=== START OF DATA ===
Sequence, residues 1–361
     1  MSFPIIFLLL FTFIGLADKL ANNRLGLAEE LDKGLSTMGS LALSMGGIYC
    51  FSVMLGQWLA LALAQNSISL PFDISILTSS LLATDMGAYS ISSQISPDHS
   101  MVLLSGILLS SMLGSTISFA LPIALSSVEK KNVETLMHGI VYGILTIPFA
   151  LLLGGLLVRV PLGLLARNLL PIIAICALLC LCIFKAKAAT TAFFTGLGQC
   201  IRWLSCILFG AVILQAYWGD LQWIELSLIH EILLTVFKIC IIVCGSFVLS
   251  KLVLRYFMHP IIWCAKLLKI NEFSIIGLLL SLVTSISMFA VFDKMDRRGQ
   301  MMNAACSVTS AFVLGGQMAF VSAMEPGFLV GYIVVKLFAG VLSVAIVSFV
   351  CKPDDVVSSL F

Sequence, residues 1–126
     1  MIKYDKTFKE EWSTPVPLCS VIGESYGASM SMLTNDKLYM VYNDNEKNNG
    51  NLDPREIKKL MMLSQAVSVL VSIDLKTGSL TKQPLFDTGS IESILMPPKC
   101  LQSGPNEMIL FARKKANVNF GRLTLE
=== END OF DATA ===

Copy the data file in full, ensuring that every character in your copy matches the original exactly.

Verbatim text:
Sequence, residues 1–361
     1  MSFPIIFLLL FTFIGLADKL ANNRLGLAEE LDKGLSTMGS LALSMGGIYC
    51  FSVMLGQWLA LALAQNSISL PFDISILTSS LLATDMGAYS ISSQISPDHS
   101  MVLLSGILLS SMLGSTISFA LPIALSSVEK KNVETLMHGI VYGILTIPFA
   151  LLLGGLLVRV PLGLLARNLL PIIAICALLC LCIFKAKAAT TAFFTGLGQC
   201  IRWLSCILFG AVILQAYWGD LQWIELSLIH EILLTVFKIC IIVCGSFVLS
   251  KLVLRYFMHP IIWCAKLLKI NEFSIIGLLL SLVTSISMFA VFDKMDRRGQ
   301  MMNAACSVTS AFVLGGQMAF VSAMEPGFLV GYIVVKLFAG VLSVAIVSFV
   351  CKPDDVVSSL F

Sequence, residues 1–126
     1  MIKYDKTFKE EWSTPVPLCS VIGESYGASM SMLTNDKLYM VYNDNEKNNG
    51  NLDPREIKKL MMLSQAVSVL VSIDLKTGSL TKQPLFDTGS IESILMPPKC
   101  LQSGPNEMIL FARKKANVNF GRLTLE